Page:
When the water temperature in Lake Murray drops below 65 degrees, it’s time for the winter blues, according to guide Chris Simpson of McCormick, S.C.

“There is a large crop of 8- to 15-pound blues this year in Lake Murray, and there are numbers of 20- to 30- to 40-pound blues there, too,” Simpson said. “And I would not be shocked to see an 80-pounder caught out of Murray this winter. Someone caught a 73-pounder last winter.”

The way to catch those blue catfish in Lake Murray in December and through the winter, according to Simpson (864-992-2352), is to locate the baitfish because catfish will be feeding voraciously in the cooling water.

“Look for diving loons. They will pinpoint the baitfish, at least the general area the herring and shad are in,” he said. “Once you locate the baitfish, pay close attention to the structure they are holding on, whether it’s deep-water flats, up in the creek runs near the channels or out in the river channel.”

The shad will be deep in the colder water, Simpson said, and the herring will be even deeper. Watch your graph to see if it is marking feeding fish under the bait, but if not, look for scattered smaller groups of bait, which indicates bigger fish have busted up the larger schools of bait, he said.

“The best way to catch the blues is Santee-style drift fishing, keeping the bait in contact with the bottom no matter how deep it is,” he said. “Drift through the bait, whether through channels, over humps and over points or in and out of feeder creeks. Cover a lot of area to locate the aggressively feeding catfish.”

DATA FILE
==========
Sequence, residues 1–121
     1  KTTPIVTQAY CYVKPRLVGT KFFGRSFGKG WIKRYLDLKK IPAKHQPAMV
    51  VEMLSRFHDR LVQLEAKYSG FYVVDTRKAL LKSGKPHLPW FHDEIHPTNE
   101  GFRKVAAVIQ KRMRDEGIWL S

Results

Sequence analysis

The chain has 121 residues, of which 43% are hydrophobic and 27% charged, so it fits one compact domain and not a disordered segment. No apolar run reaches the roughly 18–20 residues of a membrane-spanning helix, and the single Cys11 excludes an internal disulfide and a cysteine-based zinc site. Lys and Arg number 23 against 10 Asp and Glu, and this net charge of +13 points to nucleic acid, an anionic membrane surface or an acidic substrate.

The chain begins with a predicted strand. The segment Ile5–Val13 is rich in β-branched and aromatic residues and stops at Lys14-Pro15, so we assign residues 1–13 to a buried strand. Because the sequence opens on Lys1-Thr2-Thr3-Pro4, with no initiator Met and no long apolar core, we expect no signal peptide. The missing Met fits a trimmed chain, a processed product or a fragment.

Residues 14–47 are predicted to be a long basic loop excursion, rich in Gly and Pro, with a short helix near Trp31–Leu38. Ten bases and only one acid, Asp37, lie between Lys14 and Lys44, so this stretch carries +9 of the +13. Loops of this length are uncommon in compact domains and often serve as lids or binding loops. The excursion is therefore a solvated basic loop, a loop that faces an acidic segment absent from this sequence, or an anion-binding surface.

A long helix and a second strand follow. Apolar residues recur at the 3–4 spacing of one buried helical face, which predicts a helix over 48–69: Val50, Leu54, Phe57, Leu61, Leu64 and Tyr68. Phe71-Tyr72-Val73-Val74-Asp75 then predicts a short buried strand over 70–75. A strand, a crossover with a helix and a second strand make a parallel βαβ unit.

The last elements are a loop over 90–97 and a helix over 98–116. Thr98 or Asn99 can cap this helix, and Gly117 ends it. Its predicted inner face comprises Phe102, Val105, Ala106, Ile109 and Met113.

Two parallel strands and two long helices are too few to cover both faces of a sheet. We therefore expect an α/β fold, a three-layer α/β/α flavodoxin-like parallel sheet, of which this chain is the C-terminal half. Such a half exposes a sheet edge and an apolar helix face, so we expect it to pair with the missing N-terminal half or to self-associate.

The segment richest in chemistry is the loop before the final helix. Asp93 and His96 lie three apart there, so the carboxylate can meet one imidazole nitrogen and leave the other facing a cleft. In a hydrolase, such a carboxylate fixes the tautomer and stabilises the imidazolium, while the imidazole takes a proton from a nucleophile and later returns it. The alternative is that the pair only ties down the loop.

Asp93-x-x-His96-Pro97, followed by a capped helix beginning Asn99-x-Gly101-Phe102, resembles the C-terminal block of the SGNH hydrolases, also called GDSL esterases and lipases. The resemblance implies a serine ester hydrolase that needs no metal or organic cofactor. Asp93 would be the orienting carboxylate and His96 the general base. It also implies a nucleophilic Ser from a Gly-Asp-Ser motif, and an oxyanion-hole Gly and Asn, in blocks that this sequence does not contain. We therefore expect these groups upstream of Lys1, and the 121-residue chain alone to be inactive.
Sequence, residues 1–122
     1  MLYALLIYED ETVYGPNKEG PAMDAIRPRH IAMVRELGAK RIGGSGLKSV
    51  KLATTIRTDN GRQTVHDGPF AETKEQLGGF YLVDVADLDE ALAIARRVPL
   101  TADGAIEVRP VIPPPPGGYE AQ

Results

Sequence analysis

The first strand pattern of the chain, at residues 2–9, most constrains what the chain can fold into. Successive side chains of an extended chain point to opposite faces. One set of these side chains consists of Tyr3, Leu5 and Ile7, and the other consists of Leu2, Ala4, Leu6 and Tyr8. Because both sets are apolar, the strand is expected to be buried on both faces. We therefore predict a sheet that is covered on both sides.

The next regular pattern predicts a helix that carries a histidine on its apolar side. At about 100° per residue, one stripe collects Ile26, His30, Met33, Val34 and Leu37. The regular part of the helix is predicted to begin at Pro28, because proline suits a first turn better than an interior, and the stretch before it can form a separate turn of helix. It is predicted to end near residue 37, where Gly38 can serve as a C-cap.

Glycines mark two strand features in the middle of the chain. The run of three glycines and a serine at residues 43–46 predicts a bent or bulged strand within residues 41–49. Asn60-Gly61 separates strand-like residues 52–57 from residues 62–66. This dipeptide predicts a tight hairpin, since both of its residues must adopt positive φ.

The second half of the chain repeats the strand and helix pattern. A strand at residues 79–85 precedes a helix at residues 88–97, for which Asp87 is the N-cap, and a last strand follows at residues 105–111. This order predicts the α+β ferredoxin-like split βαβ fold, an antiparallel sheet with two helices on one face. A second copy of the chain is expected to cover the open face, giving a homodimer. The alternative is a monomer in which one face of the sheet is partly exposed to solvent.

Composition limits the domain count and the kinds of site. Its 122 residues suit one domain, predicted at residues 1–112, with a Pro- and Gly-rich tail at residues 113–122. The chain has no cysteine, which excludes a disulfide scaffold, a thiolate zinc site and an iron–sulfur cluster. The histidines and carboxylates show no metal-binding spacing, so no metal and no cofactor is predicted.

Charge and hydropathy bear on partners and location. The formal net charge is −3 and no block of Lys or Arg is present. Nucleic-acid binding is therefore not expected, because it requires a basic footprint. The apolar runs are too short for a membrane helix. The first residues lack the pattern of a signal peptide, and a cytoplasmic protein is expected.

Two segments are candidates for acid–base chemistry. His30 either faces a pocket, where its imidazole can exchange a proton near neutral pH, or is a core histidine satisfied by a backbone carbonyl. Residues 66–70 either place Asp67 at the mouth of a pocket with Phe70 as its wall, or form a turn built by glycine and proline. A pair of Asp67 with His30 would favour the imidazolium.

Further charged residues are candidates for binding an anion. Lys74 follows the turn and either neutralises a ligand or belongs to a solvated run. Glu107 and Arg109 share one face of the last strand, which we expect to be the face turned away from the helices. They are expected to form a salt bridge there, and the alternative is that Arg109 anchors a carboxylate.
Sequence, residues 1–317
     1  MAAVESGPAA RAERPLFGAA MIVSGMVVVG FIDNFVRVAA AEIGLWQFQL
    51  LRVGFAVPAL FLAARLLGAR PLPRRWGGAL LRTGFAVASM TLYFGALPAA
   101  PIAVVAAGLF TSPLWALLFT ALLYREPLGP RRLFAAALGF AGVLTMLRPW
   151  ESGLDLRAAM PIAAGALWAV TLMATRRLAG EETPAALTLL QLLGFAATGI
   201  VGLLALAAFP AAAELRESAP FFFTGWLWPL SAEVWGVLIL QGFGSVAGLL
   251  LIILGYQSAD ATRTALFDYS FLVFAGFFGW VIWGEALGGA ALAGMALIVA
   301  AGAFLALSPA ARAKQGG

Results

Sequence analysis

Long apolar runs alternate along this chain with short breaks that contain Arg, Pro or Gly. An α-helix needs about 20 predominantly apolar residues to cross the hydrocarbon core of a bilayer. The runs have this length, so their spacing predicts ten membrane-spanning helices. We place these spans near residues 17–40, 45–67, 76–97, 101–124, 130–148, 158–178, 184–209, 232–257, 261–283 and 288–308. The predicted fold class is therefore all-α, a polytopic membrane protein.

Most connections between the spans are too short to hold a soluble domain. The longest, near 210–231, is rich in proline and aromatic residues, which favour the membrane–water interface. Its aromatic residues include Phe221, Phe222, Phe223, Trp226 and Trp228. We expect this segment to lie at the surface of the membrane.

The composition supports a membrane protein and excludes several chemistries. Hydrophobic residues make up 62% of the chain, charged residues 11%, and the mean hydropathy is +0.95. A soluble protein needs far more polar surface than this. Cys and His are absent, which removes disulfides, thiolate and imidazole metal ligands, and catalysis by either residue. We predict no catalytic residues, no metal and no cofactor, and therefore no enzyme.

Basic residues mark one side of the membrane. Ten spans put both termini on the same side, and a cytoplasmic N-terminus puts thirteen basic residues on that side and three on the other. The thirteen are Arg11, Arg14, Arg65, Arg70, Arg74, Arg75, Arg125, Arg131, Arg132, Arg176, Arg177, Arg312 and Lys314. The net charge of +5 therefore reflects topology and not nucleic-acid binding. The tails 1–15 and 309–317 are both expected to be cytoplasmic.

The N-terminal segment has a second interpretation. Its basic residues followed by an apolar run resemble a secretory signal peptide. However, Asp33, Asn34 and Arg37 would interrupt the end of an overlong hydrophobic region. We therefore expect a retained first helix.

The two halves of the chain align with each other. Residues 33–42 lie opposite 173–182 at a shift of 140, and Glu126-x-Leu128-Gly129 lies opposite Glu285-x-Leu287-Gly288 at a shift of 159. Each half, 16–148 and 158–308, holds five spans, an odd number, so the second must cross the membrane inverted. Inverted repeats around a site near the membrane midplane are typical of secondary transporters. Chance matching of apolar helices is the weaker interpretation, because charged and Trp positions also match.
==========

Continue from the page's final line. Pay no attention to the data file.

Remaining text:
If there is enough wind to move the boat, Simpson usually puts out drift socks to assure a steady drift. If there is no wind, he will use the trolling motor to establish the drift, holding the speed at .6 of a mile or less.

“Use cut and whole herring and cut gizzard shad for bait,” he said. “If they are feeding on really small threadfins and gizzard shad, the 2- to 3-inch variety, you may find that cutting the bait into smaller pieces will produce more strikes.”

As the water gets colder the bait and catfish will move even deeper, Simpson said.

“When it gets toward the end of December into early January, you may find that the majority of the catfish will be relating to the main river channel and the deeper creek channels. You should just concentrate on drifting the channels more then,” he said.